Most energy management systems being planned today are retrofits; wireless is the technology that often makes these installations possible. Installing a wired energy management system is frequently prohibitive in terms of costs, as well as disruption to business. No one has the time to inconvenience their staff for extended periods of time while wires are run throughout a multi-story building. The downtime is just not practical. And for some installations, it’s simply impossible. There is no way to shut down parts of an assisted living facility while retrofits take place, for example. Construction materials themselves often mandate the use of a wireless solution. Over 80% of hotels in the US are constructed of concrete, for instance, making wired products very difficult to install. Wireless sensors and controls make energy management installations feasible in a number of buildings where nothing else would be possible.
As wireless technology becomes more widely adopted, the potential exists to dramatically reduce the energy consumption of commercial buildings. Smaller buildings can now be a part of this transformation, as wireless technology’s flexibility and affordability make energy management more possible on an unprecedented level.
About Spinwave Systems’ Wireless Energy Management
Spinwave Systems’ wireless energy management system has been specifically designed to be scalable to many different size buildings, from relatively small commercial facilities to large industrial and residential properties.
The network features a large possible mesh size: up to 75 full function devices plus 150 reduced function devices.
Browser-based remote configuration and maintenance for convenient real-time monitoring and remote system control.
Self-forming network is easy to start up.
Integrates to open protocol automation systems via Modbus RTU and Modbus TCP
Self-healing mesh makes the network outstandingly reliable.
Number of Commercial Buildings in
US by Size
Data Source: US Dept. of Energy. Chart: Christina Inge
Spinwave’s energy management products consist of:
Wireless Controls: Wireless I/O modules are available with 2 analog inputs/2 relay outputs, 8 analog inputs/8 analog outputs, 8 analog inputs/13 relay outputs, and 32 analog inputs. The wireless I/O modules are connected through Spinwave's wireless gateway to open protocol automation systems via Modbus.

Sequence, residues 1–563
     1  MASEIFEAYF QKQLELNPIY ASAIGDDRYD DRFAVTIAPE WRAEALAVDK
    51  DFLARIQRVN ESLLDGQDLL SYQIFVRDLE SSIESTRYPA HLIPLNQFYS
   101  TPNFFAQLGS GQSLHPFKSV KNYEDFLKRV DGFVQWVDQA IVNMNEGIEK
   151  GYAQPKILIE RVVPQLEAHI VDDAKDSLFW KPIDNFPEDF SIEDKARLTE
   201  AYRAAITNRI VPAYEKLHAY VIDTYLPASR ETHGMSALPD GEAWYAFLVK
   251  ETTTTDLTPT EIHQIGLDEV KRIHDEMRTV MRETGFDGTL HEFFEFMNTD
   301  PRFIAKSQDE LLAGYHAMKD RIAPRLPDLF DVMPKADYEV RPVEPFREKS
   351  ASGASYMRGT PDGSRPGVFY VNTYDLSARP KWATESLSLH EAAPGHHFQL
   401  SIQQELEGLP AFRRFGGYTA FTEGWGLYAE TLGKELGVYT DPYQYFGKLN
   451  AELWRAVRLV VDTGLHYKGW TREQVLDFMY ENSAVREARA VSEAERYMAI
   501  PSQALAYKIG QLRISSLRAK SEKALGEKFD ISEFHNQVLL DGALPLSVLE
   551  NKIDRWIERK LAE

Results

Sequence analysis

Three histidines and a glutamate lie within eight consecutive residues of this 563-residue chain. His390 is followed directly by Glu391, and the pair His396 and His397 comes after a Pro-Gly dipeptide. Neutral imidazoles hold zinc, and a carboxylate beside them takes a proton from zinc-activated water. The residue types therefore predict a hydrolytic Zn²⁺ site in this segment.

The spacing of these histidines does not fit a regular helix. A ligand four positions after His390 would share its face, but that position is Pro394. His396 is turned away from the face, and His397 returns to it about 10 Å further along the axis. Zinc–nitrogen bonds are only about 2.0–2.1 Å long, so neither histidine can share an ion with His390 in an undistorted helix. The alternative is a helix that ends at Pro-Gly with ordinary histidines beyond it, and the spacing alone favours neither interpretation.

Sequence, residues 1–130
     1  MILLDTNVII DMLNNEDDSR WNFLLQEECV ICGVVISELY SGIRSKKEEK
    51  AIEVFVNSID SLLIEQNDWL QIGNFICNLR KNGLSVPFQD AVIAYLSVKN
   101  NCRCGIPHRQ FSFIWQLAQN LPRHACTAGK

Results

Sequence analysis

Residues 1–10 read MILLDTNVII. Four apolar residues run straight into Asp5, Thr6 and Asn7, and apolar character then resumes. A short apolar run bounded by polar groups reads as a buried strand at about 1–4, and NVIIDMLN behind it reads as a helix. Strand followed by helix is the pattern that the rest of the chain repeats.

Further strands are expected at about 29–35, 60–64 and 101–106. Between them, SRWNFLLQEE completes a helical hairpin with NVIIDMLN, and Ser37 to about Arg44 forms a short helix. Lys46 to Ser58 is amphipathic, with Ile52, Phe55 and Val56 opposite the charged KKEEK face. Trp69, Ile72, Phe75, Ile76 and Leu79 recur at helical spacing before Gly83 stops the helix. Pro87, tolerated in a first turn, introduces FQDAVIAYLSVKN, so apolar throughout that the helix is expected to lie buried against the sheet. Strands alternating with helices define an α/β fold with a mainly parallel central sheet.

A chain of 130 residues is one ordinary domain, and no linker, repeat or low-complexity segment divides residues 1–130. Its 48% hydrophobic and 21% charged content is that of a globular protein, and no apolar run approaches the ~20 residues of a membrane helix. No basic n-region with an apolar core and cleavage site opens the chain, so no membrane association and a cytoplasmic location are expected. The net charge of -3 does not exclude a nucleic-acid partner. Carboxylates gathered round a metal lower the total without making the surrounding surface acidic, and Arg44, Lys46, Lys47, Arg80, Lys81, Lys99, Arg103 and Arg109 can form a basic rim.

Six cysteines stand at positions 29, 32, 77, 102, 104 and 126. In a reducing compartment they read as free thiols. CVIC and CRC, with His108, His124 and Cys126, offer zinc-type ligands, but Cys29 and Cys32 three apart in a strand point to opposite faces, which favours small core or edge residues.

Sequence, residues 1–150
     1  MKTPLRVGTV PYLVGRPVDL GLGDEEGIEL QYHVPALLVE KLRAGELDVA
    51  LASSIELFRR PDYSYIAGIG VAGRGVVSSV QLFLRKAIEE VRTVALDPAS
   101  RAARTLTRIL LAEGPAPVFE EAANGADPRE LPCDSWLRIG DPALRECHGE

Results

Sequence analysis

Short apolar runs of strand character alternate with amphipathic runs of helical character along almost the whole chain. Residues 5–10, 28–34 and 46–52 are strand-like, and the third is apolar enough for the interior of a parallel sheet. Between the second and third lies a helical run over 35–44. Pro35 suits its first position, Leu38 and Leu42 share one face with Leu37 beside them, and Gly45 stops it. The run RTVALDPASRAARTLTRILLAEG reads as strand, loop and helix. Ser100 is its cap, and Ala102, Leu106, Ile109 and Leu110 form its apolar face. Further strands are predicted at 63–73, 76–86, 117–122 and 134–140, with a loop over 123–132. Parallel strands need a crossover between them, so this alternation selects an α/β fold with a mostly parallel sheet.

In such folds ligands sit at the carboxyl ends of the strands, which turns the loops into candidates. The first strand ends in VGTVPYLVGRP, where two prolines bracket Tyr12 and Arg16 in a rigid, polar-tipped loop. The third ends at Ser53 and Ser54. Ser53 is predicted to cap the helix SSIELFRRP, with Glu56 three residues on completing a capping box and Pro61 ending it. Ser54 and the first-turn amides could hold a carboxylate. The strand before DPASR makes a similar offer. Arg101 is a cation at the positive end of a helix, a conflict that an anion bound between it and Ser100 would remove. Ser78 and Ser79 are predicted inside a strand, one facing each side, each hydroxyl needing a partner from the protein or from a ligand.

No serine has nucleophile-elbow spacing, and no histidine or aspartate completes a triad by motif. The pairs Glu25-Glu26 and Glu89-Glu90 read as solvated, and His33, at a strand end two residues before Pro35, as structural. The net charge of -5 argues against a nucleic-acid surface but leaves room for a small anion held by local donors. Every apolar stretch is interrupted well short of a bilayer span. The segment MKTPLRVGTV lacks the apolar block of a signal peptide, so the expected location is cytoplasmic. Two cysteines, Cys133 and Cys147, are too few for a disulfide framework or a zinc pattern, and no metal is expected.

Wireless Thermostat Controller: The wireless thermostat controller is a drop-in replacement for almost any existing non-communicating thermostat. A full-function wireless mesh device with integrated radio, it can be configured to control heat pump systems, and gas/oil systems with add-on cooling.
Wireless Sensors: Wireless temperature and relative humidity sensors are battery-powered, with an available optional power supply. They are available with or without LCD and button array; with internal or external sensor. LCD/button versions support the display of all measured variables, set-point adjustment (temperature and relative humidity), override, and offer 2 programmable buttons. Additionally the LCD/button versions have an integrated site survey tool function. In this mode, the display will show the RF link quality at the sensor's position.
Wireless Gateway: Consists of a radio module with integrated antenna and a Linux-based embedded gateway. The gateway features an embedded Web server for browser-based wireless mesh network configuration, commissioning, and maintenance. You can configure the energy management system with just a Web browser.
Wireless Modbus RTU Radio: The radio features a Modbus RTU port, which allows users to wirelessly enable existing Modbus devices, including:
The Modbus radio enables the use of a broad number of devices in a wireless automation or energy management system. Adding the Modbus radio to existing device installations greatly expands control capabilities. Increases functionality, and allows the collection of more building and energy usage data.
For more information, visit http://www.spinwavesystems.com, or contact Spinwave Systems directly at 978-392-9000, ext. 225 or firstname.lastname@example.org
About the Author
Christina Inge is the marketing manager for Spinwave Systems, Inc., a leader in developing wireless sensors and controls for the energy management and building automation markets. She can be reached at email@example.com.